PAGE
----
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NCIP Launches Hub to Offer Community Platform for Collaboration, Resource Sharing


NEW YORK (GenomeWeb) – The National Cancer Informatics Program (NCIP) at the National Cancer Institute's Center for Biomedical Informatics and Information Technology has developed and made available a virtual platform called NCIP Hub that provides an avenue for communal resource sharing and research collaboration.

It's a place where members of the cancer research community can share and use resources such as tools, seminars, teaching materials, workshops, blogposts, research publications, and so on, Ishwar Chandramouliswaran, a program manager in the NCIP and one of the website's developers, told BioInform. It is intended, he said, to provide a sustainable medium for resource sharing and collaboration; to "democratize" access to community-generated data tools and standards; and to foster scientific collaboration and open innovation.

The Hub makes use of HubZero infrastructure, an open-source software platform developed by Purdue University — with grants from the National Science Foundation — for building websites that can support scientific discovery and collaboration as well as education. Chandramouliswaran said that NCIP selected this particular platform because it offered broad and generic features that could support the needs of different kinds of users, for example, biologists versus bioinformaticians, and at the same time connected users allowing them to take advantage of each other's resources. HubZero can also handle large user bases; offers good tracking mechanisms and metrics; and is open source, which aligns well with NCIP's goals, he said.

NCIP has launched a pilot version of the Hub that is already being used or evaluated for potential use by several early-access researchers including one group that is developing algorithms for imaging. They are using the system, Chandramouliswaran said, to exchange information with their collaborators. A second group within the NCI is using the Hub to coordinate their program activities, he added.

The system is also open to the cancer research community, and members can begin contributing content now. Interested parties who want to become active contributors can reach out to Chandramouliswaran. There are no restrictions on membership, and content submissions don't have to meet specific criteria, he said. The Hub does have a system of checks and balances in place including an administrative review process to ensure that contributed content is sound.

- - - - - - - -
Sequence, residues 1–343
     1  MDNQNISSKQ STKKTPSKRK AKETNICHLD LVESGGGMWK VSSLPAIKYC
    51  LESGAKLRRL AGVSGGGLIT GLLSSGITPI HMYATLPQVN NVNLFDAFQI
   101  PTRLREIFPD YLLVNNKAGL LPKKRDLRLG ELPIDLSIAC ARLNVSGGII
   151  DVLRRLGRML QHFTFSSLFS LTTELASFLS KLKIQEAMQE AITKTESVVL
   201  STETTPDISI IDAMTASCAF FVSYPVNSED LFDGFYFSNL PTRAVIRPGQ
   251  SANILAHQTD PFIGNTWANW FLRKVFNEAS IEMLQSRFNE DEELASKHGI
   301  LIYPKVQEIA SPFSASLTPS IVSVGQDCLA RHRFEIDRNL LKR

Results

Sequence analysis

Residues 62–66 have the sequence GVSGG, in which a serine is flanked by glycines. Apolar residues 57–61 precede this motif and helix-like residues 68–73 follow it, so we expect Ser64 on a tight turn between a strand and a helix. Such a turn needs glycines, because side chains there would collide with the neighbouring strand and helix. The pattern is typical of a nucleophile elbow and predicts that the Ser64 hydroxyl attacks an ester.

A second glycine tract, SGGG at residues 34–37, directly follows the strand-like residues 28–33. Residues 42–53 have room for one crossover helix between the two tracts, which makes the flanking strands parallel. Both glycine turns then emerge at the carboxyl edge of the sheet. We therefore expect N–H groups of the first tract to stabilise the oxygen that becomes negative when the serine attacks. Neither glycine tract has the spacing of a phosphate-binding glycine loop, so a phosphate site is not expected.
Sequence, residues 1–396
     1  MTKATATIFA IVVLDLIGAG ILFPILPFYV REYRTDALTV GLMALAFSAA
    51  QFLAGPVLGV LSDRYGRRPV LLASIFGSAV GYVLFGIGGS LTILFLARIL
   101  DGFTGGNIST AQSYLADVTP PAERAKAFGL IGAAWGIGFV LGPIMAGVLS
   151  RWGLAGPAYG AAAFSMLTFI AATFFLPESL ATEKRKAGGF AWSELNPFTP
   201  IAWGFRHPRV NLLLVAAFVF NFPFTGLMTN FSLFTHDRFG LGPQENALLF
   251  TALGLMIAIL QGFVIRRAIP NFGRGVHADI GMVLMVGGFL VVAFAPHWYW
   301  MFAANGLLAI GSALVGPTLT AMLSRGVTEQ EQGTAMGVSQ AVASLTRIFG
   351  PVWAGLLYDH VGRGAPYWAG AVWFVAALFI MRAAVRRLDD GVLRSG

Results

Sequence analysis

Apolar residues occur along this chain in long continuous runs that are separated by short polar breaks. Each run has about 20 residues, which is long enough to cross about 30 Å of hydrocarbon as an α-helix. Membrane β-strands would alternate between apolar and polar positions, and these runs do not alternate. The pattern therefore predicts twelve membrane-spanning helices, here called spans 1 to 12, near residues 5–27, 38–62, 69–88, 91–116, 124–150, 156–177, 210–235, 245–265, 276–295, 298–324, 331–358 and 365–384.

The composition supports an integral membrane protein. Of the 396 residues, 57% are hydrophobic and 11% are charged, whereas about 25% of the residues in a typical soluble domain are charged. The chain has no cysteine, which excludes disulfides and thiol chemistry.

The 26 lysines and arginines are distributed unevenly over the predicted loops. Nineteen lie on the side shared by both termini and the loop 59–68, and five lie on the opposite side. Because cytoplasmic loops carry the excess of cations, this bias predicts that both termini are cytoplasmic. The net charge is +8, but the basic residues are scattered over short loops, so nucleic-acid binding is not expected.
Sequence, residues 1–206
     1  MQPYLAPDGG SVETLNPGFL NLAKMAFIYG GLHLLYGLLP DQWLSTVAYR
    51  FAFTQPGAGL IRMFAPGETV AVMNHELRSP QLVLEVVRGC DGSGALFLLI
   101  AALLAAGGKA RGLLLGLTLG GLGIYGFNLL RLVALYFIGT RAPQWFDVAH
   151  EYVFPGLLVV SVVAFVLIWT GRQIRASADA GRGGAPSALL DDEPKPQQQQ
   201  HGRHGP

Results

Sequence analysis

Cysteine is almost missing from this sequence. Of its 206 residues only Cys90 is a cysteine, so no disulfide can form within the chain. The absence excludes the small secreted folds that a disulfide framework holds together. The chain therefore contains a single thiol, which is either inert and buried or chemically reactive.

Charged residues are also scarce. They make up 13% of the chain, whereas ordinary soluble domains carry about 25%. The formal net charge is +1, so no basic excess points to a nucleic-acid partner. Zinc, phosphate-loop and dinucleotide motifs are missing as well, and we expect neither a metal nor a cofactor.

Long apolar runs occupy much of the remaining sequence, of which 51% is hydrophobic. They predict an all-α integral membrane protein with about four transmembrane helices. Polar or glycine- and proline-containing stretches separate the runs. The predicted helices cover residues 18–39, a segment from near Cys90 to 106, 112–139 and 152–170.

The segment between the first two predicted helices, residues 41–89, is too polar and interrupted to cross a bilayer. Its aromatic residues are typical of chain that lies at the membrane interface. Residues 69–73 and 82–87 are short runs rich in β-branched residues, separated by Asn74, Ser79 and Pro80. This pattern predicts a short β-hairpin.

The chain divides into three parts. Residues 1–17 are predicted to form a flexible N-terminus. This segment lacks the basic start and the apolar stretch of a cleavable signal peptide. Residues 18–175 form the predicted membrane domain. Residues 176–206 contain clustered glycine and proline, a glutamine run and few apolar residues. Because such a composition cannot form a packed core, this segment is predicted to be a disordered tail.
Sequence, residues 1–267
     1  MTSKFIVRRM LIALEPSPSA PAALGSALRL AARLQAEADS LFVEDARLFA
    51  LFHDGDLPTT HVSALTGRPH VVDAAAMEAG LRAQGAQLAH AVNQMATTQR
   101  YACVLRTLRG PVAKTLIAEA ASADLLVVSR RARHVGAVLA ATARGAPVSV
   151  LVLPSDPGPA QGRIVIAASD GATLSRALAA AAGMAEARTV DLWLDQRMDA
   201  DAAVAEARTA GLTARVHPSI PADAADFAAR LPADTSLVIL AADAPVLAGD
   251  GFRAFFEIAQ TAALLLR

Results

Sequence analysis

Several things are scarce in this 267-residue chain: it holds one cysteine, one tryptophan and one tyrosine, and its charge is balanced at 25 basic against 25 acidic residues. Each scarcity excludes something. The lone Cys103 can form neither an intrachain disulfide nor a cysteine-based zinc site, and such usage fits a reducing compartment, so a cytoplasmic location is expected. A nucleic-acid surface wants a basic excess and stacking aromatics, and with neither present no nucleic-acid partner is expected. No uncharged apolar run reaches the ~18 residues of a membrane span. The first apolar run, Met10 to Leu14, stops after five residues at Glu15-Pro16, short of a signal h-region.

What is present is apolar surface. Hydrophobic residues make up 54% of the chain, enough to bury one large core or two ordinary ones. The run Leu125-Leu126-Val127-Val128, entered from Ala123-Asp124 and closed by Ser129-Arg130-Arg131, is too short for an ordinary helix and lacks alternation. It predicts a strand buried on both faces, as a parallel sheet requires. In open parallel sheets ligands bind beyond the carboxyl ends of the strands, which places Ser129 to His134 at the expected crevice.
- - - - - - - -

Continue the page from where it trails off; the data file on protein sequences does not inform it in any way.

NCIP Hub is just one of several resources that the NCI's informatics arm is pushing forward to address the perceived bioinformatics needs of the cancer research community. According to Chandramouliswaran, it fits in well with other informatics-focused NCI initiatives that all aim to provide better, more efficient access to cancer data and tools that have come from the projects that the agency has funded over the years. Recent initiatives include efforts to migrate code from the cancer biomedical informatics grid (caBIG) program to GitHub to make it more broadly available to the community. The NCI also adopted a new open-source license that would make it easier for academic institutions and commercial firms to download and makes changes to the caBIG software and code.

The NCI has also invested in larger-scale informatics projects like the Cancer Genomics Cloud Pilots, an ongoing initiative to build a cloud-computing environment — or multiple environments — that provide access to co-located computing resources and storage and pre-loaded data from the Cancer Genome Atlas. Last year, the NCI's Board of Scientific Advisors and the National Cancer Advisory Board approved a proposal to launch three pilot clouds capable of handling up to 2.5 petabytes of core TCGA data with at least one additional data type and the ability to support large numbers of users simultaneously. That was followed early this year by the NCI officially launching the proposal-collection phase of the pilots giving potential respondents six weeks to submit their applications. Winning proposals are expected to receive awards in September this year.

A separate but related component of the NCI's informatics strategy is the Cancer Genomics Hub, a petabyte-scale data repository that will provide access to genomic and clinical data from NCI's cancer genome research programs. In 2012, the agency awarded a $10.3 million contract to a team at the University of California, Santa Cruz, to develop and maintain that resource — the project is expected to wrap this year.

The NCI is also funding a larger resource — which will be tied to both CGHub and the genomic cloud pilots — called the Genomics Data Commons, a portal to the diverse cancer datasets that NCI-funded projects have generated. The agency began accepting applications to build the commons last November.

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